Need help now?

Ten year old mental health (DV)

Discussion forum for parents in Australia

Ten year old mental health (DV)

Active scribe

Ten year old mental health (DV)

I am a single mum with a 10 year old child. My child is a very smart very savvy, who researches everything and is really REALLY resistant to learning about mental health from others, especially me. (They are also gender fluid so ignore the pronoun switch, all is singular). She has huge explosive behaviour since very young, but it hasn't changed with age. She has obsessions, and tics, and stim like behaviour as well...

We have explored the possibility of ASD/ADHD without much success, but their is a lot of traits that fit, there is also some history of DV, when she was with her dad, almost entirely not physical and am unsure of the severity of the psychological stuff, she doesn't communicate with me about him, once I realised it was beyond grumpy / personality clash stuff I was able to intervene - she has very limited and supervised contact now, at her request, I would never make her see him if it wasn't her choice.

He has a recent diagnosis of ASD, and I suspect PTSD, depression, anxiety. 


She has self diagnosed as OCD and does have traits of this also... She is a hoarder, and gets emotionally attached to things, like EVERYTHING, and she tries to self manage this by not going out, not looking at stuff, and not wanting anything. She is no longer allowed to take the recycling out or the rubbish out because it ends up in their room, as precious. 

Anyway, so today we had a blow up, with her yelling and screaming and crying, and this started because I wanted to get her to help with a few jobs, tidying etc. and I asked and while I was in her room I noticed a puddle in the corner near the bed, some water spilt on paper I thought, so I asked that it be cleaned up, which resulted in her aggressively insisting that I leave her room, I did, and gave her some time to calm down, then went back to get her moving, I was met with verbal abuse, and real aggression, long story short I took her computer and tablet away which resulted in her insistence that she be allowed to close a tab on her tablet. It was the most important thing in the world and I had to let her close it or she'd know I hate her etc. I have played this scenario through so much that I know if I were to allow her to do this that this small fixation will immediately switch to something else to stay in that heightened state. I did lose my temper a little here and raise my voice, trying to get her to leave the space. It went on for maybe half an hour, I mostly kept my cool, I ended up saying that I would look at what was on the tablet if she kept yelling, which she did, so I did (I add here that I have had previous conversations with them around it not being possible for me to guarantee privacy for her at such a young age, and that it is really important that I understand what she's into and talking to, but I do try to maintain some privacy within that, and really I wasn't concerned with what she was looking at, she is really mature in some ways but her idea of looking up rebellious stuff is still really, well, ten year old stuff).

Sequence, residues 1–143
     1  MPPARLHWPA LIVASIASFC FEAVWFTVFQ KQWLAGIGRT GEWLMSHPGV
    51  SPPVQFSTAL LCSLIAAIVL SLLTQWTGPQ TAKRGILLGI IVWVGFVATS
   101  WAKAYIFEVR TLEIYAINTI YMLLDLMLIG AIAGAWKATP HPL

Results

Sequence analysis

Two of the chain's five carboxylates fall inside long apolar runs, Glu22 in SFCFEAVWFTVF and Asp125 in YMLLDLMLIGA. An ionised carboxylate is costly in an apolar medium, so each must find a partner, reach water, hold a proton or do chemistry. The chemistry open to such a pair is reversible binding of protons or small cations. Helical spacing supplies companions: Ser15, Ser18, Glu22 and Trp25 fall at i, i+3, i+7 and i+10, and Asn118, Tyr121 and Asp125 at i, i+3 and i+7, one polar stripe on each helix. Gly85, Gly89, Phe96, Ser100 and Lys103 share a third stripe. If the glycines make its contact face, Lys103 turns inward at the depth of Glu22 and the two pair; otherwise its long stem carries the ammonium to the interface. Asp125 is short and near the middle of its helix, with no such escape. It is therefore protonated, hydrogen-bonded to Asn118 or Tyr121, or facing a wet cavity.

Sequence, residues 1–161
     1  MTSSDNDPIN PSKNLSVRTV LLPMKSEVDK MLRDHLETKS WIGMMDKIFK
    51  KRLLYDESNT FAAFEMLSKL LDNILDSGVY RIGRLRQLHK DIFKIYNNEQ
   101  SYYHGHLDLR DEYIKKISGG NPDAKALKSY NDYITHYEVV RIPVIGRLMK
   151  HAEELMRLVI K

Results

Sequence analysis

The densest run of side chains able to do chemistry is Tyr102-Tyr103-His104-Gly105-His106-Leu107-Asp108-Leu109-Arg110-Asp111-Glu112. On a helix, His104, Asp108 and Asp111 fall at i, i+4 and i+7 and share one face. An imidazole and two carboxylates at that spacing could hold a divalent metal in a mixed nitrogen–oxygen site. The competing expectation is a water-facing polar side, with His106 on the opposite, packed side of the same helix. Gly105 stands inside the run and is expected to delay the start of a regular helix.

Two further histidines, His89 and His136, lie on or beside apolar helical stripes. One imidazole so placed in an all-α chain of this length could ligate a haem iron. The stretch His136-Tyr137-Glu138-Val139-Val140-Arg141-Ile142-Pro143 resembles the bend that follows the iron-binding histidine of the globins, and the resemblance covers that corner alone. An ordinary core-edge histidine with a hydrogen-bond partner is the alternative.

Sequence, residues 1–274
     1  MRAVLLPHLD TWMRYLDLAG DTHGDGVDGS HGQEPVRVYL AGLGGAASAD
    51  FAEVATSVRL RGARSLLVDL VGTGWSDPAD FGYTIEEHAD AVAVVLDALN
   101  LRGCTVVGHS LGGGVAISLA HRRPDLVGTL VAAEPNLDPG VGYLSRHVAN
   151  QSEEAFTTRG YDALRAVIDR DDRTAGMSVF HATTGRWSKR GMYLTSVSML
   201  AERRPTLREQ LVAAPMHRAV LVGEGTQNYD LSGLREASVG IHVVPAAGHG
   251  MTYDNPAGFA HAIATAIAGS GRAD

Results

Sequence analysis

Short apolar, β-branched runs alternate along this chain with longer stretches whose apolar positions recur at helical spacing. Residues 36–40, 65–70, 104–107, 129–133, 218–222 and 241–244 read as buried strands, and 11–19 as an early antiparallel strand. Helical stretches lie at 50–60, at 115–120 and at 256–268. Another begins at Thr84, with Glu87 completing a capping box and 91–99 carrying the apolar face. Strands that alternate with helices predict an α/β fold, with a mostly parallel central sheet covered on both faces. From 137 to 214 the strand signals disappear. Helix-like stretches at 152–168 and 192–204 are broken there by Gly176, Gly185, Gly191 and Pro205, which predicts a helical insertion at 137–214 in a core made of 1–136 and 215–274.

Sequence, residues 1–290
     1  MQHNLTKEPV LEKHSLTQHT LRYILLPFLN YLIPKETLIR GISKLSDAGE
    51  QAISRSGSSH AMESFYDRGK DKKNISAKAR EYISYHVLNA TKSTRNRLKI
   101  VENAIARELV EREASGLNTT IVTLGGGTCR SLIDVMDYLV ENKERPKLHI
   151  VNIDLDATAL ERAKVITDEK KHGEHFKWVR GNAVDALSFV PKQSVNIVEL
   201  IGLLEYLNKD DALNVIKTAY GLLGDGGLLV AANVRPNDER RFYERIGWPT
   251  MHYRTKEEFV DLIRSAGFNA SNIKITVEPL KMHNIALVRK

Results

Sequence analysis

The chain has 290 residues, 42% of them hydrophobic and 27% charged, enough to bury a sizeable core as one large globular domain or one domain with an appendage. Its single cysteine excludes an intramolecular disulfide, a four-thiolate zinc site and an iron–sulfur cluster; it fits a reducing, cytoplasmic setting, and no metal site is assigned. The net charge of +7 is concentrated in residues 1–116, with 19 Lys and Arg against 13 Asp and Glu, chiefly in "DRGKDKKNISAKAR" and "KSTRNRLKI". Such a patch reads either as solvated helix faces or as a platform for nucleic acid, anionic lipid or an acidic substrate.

SO she yelled some horrible stuff, and tried to get violent, I restrained her and I admit I was rough with her, I got her into her bedroom and closed the door to give myself a breather, after I went back I was able to talk her down, and I finally realised what had started it all, It was the **bleep** puddle in the corner... it was saliva (!), she'd been spitting on the paper, and (remember I said hoarder) she was saving it, and desperately scared I was going to throw it out, and also desperately ashamed that she'd done it and felt that way....


We talked it through once I understood the problem, and things got calmer. I asked why I couldn't see what she was looking at on the computer as it was totally fine, and she said that it felt like I didn't love her and that asking me not to do that (and me doing it anyway) was proof I didn't... we talked a little about it being hard for me to be tested when I don't know that is what is happening and my responsibility to keep her safe online...


so I am stuck between 2 questions, and hay both might be true, is my child mentally ill or am I a horrible parent.